The calculation is based on U.S. crew costs, fuel costs as of May 2022 and container lift charges at the Southern California ports and at the Port of Oakland.

A Mercator International consultant, hired by the Oakland Athletics to review whether the proposed Howard Terminal ballpark and condominium complex would adversely impact the Port of Oakland’s container-handling potential, told AJOT that Howard Terminal could handle vessels of up to 5,000 TEUs. Thus, Howard Terminal could easily handle the 1,000 TEU coastal ships sailing between the Southern California ports and Oakland, identified by Braestrup.

Dutch Perspective

A retired container terminal executive who specializes in short sea shipping and has visited the Port of Long Beach and U.S. container terminals told AJOT that a coastal shipping service can reduce congestion and increase velocity at U.S. container terminals.

The reason is that when container loads arrive off of ocean carriers and are reloaded back on to coastal and inland waterway vessels, the effect is to reduce space on the terminal. That is the space needed for containers and chassis that would otherwise be needed to move the container loads off the terminal by either truck or rail. This is standard procedure at container terminals at the Port of Rotterdam, he said.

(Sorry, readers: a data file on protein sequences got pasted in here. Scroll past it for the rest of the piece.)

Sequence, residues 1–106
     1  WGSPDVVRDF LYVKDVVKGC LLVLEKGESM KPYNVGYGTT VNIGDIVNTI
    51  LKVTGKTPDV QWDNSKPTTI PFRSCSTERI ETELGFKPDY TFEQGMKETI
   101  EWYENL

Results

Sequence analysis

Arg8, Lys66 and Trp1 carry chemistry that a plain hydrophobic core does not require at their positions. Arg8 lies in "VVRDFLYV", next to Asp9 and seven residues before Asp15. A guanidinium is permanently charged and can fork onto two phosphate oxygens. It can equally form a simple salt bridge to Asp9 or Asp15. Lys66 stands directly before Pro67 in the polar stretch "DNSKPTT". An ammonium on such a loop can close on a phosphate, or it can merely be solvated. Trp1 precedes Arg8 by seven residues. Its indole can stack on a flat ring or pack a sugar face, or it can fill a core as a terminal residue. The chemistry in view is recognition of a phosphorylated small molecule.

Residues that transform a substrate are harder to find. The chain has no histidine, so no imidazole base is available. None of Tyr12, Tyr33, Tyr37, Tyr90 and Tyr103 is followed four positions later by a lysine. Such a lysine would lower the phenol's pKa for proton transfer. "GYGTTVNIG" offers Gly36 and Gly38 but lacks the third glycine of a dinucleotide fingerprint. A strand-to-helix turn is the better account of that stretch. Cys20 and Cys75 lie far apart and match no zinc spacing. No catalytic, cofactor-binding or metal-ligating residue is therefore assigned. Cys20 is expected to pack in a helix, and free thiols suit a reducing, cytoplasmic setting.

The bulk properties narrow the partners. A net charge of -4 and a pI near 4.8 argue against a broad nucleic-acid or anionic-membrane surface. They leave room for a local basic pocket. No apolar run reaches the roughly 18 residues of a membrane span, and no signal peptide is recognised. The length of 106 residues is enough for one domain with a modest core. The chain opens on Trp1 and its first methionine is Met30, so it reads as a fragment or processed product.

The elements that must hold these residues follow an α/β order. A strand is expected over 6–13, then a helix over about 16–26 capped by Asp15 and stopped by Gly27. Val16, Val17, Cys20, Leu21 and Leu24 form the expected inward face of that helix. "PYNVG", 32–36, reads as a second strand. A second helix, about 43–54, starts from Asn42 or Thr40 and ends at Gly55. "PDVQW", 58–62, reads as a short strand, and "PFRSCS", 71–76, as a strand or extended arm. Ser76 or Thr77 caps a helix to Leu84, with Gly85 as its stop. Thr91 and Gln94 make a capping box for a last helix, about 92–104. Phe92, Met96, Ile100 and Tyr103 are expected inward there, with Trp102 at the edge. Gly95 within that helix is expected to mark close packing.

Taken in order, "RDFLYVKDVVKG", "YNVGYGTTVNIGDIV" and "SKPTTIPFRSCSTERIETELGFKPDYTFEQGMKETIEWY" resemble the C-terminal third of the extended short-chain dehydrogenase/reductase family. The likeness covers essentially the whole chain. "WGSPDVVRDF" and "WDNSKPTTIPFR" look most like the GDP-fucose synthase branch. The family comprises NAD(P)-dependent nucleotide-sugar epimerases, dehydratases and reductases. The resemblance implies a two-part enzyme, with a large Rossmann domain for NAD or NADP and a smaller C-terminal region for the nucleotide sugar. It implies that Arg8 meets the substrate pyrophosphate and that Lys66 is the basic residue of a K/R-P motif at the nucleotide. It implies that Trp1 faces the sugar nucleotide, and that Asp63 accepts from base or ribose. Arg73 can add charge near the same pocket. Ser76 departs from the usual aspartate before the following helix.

He believes U.S. container terminals need to evolve into moving more containers by water so as to reduce landside congestion.

Traditional U.S. Port & Terminal Perspectives Are Challenged

A retired Southern California port executive has publicly opposed coastal shipping for years arguing roads and freeways are sufficient to transport containers loads by truck within California.

  • Trucks can deliver a containerload from Southern California to Northern California in 8 hours.
  • There is a plentiful supply of truck drivers.
  • Fuel is cheap.

New developments now change this perspective:

  • In March, the Pacific Merchant Shipping Association (PMSA) reported that at the Ports of Los Angeles and Long Beach: “containers leaving on trucks remained on terminals for an average of 6.26 days, up from 5.84 days the month before… Pre-pandemic, dwell time rarely exceeded three days.”
  • In 2022, California truckers report that higher fuel prices have caused the cost of transporting a truckload between Southern and Northern California to rise from $1,500 to $3,000.
  • There is a shortage of truck drivers.
  • At 16 knots, the sailing time between Los Angeles/Long Beach and Oakland would be about 24 hours, according to Braestrup.

Leachman Report

A 2017 report entitled “Strategic Initiatives for Inland Movement of Containerized Imports at San Pedro Bay” authored by Robert C. Lachman, Institute of Transportation Studies, University of California at Berkeley found that 4.8% of imports entering the Ports of Los Angeles and Long Beach were trucked up to Northern California.